Physics 704
Electricity and Magnetism.
Spring 1998

Text: Jackson, J.D. Classical Electrodynamics.

Physics 704 is to cover the material in the first 8 chapters of Jackson's book; 705 covers the rest! This is a tall order, for you and for me. The objective in studying this material is not just to learn the physics of electromagnetic phenomena, but also to learn a set of mathematical techniques which are useful in many other branches of physics. In order to present the material in a way which emphasizes how a given technique can be applied in differing physical situations, and thus to avoid a good deal of duplication of material, I have attempted to construct a class schedule which does not follow the order of Jackson exactly. It is given below. We may not adhere to this schedule exactly, but it should be a guide for your reading and we can discuss how to proceed as things deviate from the plan.

Please try to read the appropriate section of the text before class. The material will undoubtedly be mysterious the first time you see it, and you will get more from each class if you have looked at the material in advance.

Assigned problems are listed on the schedule. Doing problems is the essence of a class based on Jackson. I shall collect and grade these every week. Do not get behind! The farther behind you get, the harder it is to catch up. Your grade for the class will be heavily based on these problem grades, although a good deal of credit will be given for a good attempt. There will be a take-home midterm, and a take-home final. Problems and the midterm are due at the beginning of the class period on the day indicated. Assignments turned in late will be accepted only under exceptional circumstances.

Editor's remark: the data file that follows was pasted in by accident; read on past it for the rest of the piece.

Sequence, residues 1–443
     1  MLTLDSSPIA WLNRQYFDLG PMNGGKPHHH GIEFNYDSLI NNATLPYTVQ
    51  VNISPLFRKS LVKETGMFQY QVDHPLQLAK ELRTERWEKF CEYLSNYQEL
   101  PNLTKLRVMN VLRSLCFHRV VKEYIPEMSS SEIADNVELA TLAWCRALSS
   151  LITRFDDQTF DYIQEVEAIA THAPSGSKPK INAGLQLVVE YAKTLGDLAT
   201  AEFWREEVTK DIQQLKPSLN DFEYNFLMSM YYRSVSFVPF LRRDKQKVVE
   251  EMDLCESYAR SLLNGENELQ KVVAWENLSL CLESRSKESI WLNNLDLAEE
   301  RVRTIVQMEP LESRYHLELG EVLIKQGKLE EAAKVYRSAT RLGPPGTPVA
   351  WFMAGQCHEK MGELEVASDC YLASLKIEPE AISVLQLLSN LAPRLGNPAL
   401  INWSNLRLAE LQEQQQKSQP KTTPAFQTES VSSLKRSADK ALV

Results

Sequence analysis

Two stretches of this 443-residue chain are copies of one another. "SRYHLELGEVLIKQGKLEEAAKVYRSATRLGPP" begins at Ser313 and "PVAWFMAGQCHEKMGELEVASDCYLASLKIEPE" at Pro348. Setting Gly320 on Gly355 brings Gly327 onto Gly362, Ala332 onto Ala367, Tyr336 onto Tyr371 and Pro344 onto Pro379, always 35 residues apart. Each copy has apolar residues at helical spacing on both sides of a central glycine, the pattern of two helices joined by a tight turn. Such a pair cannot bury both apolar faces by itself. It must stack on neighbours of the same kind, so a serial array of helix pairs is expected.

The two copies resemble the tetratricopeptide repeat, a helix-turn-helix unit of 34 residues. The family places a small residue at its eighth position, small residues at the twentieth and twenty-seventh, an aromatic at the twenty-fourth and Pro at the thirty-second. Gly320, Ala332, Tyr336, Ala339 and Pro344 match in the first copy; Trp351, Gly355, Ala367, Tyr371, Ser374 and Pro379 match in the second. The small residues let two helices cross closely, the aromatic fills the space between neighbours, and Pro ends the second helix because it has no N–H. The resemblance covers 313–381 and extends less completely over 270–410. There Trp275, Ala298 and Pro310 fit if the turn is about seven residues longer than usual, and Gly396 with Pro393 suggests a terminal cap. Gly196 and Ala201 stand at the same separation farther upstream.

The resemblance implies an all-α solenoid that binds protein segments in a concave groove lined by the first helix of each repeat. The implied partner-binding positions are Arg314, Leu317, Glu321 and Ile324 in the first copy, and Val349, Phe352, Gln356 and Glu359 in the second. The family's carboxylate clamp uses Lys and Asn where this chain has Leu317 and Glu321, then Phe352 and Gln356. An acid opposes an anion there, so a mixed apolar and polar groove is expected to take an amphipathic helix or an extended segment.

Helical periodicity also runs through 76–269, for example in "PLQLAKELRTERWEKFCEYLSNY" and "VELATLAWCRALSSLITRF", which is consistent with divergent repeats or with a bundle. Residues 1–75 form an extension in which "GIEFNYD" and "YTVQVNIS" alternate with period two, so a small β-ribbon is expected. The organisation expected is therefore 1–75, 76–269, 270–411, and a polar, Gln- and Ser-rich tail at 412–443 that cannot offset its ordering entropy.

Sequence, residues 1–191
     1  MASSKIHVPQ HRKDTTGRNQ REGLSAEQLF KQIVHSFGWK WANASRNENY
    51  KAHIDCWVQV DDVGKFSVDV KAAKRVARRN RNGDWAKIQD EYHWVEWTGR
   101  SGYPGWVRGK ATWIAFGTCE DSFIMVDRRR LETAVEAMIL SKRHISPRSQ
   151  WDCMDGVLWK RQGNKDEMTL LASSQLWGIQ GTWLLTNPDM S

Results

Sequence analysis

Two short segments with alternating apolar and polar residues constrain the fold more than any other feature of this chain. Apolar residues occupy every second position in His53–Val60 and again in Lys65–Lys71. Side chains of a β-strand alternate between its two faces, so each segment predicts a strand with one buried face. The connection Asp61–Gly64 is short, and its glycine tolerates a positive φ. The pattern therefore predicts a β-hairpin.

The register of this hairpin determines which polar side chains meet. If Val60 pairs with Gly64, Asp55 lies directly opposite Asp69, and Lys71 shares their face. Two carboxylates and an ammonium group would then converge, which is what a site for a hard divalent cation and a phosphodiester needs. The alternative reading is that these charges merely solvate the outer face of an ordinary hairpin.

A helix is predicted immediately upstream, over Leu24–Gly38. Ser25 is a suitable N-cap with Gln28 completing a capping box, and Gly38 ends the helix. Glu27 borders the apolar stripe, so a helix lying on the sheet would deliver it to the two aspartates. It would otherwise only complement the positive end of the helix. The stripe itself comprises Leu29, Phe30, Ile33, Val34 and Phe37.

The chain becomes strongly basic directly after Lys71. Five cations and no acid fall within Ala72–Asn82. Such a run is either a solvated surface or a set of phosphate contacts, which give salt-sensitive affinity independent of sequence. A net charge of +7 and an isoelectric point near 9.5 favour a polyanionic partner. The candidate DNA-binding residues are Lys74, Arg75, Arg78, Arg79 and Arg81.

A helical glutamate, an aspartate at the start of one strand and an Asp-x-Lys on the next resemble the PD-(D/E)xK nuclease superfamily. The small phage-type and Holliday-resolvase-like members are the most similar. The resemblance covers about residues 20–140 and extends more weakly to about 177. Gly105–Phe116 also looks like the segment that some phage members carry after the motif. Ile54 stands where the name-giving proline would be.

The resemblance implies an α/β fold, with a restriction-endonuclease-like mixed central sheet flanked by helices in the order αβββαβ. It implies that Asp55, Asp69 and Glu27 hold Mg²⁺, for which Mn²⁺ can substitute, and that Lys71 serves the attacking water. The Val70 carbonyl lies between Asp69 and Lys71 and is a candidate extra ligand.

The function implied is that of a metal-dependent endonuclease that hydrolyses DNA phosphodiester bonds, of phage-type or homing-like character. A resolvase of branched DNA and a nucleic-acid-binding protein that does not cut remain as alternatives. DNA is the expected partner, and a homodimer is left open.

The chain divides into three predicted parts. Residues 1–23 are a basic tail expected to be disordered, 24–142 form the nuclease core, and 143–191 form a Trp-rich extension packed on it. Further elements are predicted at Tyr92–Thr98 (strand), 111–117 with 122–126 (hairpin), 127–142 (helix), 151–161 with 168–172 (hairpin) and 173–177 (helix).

Please note that one of the assignments will involve a computer calculation. You must have some familiarity with at least one computer language such as C++, FORTRAN, BASIC, IDL , or a math package such as MATHEMATICA or MAPLE. Computers may also be used to construct plots and diagrams in other assignments.

Grades will be assigned on the following basis:

Homework problems: Midterm: Final:
30% 35% 35%

Please feel free to discuss all aspects of the class with me at any time. Discuss the homework problems among yourselves as well as with me (exams should not be discussed, however). Try to attend published office hours, but also feel free to knock on my door whenever I am there (I'll tell you if I am busy!). It's usually a good idea to make an appointment.

As graduate students, more is expected of you. You may find it helpful, indeed necessary, to use reference materials other than Jackson. You should have access to a mathematical reference work listing integrals as well as properties of mathematical functions such as Legendre polynomials and Bessel functions. The book store has a few copies of Gradshteyn and Ryzhik if you want your own: otherwise using the library should suffice. Other books dealing with the material include: Landau and Lifshitz, Classical Theory of Fields; Morse and Feshbach, Methods of Theoretical Physics; Jeffreys and Jeffreys, Mathematical Physics, especially Chapters 6,18,21,22 and 24.